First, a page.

The sharpening conflict between synagogue and state in Israel has tilted in favor of the state in recent days because of legal ruling regarding a disputed archaeological dig in Jerusalem's City of David.
Attorney General Yitzhak Zamir has declared that Chief Rabbi Shlomo Goren had no authority to interfere with the dig, the most important being carried out in the Holy Land.
Rabbi Goren has contended that the site was that of a medieval Jewish cemetery and attempted to pressure Education Minister Zevulun Hammer, himself an Orthodox Jew, into rescinding the excavation license.
Mr. Zamir said it was only the planning authorities who could determine whether a site was a cemetery. Even if it is an ancient cemetery, Mr. Zamir ruled, this consideration is of lesser importance than excavation "that may be of major scientific and national importance."
The archaeological excavations are being conducted in the so-called City of David, a ridge about half a mile south of Jerusalem's walled old city. The ridge, which has been the subject of archaeological probes for more than a century, is the original site of Jerusalem.
When an archaeological expedition headed by Yigal Shilo of Hebrew University began its fourth summer of excavations at the site two months ago, a small religious organization known as Atara Kadisha, charged with the protection of ancient Jewish cemeteries, complained that Dr. Shilo had penetrated into medieval Jewish burial ground.
Although no graves were visible on the surface, Atara Kadisha had uncovered graves at depths of up to four meters nearby. Dr. Shilo denied penetrating into a cemetery area and noted that he had a permit for the site issued by the attorney general, Mr. Hammer.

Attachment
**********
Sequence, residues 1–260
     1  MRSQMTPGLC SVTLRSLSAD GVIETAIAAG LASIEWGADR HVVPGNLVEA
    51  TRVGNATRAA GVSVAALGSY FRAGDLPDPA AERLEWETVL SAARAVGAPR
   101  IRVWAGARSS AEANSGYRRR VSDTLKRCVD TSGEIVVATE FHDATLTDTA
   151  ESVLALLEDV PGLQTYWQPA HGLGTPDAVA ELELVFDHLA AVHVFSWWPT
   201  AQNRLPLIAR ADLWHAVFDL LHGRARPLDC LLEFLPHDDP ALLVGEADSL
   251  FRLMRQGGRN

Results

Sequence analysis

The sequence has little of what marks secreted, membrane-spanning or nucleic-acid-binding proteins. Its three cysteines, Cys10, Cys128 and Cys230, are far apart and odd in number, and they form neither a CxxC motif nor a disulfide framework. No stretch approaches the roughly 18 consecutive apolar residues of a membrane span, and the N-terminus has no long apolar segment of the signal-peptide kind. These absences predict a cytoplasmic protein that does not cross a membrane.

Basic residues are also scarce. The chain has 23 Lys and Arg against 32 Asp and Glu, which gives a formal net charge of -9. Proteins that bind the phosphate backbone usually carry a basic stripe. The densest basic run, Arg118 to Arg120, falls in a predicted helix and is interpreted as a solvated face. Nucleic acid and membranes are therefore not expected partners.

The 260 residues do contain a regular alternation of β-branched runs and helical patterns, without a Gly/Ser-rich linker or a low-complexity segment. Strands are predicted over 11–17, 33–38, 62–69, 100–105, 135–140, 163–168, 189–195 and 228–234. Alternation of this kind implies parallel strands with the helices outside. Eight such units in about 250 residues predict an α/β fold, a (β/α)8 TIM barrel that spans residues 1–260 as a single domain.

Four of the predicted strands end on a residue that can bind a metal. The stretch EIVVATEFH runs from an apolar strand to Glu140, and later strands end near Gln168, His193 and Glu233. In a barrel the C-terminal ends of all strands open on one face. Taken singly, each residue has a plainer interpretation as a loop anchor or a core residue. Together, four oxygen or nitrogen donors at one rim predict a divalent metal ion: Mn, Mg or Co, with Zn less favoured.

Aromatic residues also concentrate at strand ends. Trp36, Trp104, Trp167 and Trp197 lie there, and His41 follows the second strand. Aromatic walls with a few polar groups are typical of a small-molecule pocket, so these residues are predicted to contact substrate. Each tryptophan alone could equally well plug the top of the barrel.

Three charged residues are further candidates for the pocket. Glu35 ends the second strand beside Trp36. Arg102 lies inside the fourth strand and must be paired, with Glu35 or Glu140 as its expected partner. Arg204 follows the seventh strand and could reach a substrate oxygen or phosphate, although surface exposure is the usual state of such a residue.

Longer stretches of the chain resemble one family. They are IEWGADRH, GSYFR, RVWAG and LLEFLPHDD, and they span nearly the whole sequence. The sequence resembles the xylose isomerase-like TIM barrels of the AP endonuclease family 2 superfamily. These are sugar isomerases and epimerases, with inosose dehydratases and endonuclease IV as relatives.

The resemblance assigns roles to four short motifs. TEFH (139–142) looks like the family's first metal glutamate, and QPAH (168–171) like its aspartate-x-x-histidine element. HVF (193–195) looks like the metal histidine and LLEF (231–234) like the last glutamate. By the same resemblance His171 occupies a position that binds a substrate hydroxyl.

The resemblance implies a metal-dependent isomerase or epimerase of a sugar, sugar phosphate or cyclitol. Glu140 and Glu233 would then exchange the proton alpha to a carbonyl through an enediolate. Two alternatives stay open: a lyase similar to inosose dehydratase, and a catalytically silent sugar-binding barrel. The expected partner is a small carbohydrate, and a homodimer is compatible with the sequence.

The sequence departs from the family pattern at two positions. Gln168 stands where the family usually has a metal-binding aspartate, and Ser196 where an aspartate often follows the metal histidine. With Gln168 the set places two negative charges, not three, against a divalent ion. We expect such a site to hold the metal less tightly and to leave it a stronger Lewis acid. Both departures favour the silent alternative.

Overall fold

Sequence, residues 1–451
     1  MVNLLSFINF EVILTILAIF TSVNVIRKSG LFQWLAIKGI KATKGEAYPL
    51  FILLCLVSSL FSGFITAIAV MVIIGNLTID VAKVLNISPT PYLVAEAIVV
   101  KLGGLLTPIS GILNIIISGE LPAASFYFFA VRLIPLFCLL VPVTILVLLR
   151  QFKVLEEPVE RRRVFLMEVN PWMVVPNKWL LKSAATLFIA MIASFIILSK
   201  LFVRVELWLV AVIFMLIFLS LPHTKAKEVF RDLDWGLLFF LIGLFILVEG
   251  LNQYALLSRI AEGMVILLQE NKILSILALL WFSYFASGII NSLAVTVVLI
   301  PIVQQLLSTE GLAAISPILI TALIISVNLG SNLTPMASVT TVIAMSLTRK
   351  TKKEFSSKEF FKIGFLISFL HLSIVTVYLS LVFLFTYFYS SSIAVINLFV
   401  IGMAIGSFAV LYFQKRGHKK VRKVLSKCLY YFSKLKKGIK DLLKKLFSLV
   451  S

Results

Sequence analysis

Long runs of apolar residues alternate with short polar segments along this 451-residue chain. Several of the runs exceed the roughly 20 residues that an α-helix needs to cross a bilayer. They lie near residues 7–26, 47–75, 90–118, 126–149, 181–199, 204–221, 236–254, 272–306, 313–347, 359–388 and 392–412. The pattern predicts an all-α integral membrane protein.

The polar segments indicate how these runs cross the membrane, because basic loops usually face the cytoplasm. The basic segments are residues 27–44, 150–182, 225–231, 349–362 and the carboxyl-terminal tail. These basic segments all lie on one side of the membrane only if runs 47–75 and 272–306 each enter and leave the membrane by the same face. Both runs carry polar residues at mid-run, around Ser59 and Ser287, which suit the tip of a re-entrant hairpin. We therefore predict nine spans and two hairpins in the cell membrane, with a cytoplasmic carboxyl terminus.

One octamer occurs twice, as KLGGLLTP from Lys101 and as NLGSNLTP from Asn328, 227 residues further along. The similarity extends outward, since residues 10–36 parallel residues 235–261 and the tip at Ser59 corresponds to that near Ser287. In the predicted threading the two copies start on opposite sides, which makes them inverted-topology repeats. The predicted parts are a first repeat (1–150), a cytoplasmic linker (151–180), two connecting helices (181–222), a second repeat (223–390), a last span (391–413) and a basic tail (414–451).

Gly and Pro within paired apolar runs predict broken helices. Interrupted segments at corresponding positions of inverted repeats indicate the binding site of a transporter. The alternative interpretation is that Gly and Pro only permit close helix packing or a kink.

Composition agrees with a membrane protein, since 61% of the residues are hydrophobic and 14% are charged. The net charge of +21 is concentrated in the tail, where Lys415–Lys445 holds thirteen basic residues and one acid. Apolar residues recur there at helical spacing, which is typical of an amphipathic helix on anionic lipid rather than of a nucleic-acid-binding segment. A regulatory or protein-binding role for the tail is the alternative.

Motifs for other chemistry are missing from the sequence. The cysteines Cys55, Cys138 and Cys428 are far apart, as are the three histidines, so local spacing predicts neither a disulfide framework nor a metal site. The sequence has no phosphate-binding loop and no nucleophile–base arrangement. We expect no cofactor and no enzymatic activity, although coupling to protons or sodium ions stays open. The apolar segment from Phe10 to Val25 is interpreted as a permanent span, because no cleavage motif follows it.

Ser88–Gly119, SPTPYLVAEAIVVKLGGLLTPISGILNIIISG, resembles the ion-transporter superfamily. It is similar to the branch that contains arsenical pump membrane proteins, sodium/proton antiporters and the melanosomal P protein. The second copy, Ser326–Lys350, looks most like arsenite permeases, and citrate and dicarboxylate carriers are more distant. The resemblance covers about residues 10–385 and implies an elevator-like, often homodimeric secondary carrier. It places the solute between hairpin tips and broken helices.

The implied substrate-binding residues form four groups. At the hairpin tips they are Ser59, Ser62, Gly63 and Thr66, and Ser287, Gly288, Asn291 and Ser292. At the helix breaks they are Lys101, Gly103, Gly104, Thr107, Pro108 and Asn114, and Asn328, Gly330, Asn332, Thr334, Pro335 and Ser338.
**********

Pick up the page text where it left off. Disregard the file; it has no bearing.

Although the dispute area was only about 10 meters by 30 meters, a fraction of the entire excavation site, the issue became a matter of principle for ultra-Orthodox circles.
"Even if only one grave is desecrated, we will cry to the heavens," said one Orthodox leader. in the ultra-Orthodox neighborhood of Mea Sharim, almost, daily demonstrations were frequently staged at the City of David itself.
Education Minister Hammer called on Chief Rabbi Shlomo Goren for an opinion in the matter, evidently hoping that the rabbi, who has a reputation for liberal interpretation of religious law, would find a way to resolve the conflict to the satisfaction of both parties. To the astonishment of virtually the entire country, however, Rabbi Goren banned excavation not only in the disputed area but in the surrounding section as well. The section, known as Area G, contains the remains of a monumental structure from King Solomon's period, the first remains from that period ever found in Jerusalem.
Torn between his own orthodoxy and his duties as a government minister, Mr. Hammer declined to accept the rabbi's ruling. Infuriated, Rabbi Goren summoned the Supreme Rabbinical Court, which issued an edict banning excavations in the entire City of David, including those sites far from the disputed area. Goren warned that if Hammer, as an Orthodox Jew, did not accept this formal rabbinical edict and cancel Shilo's excavation license, a Ktav Seruv (order of rejection) would be issued against him.
Rabbi Goren's action infuriated the country's secular population -- about two-thirds of the total -- as well as many Orthodox Jew, some of whom have offered themselves as volunteers diggers at the excavation site.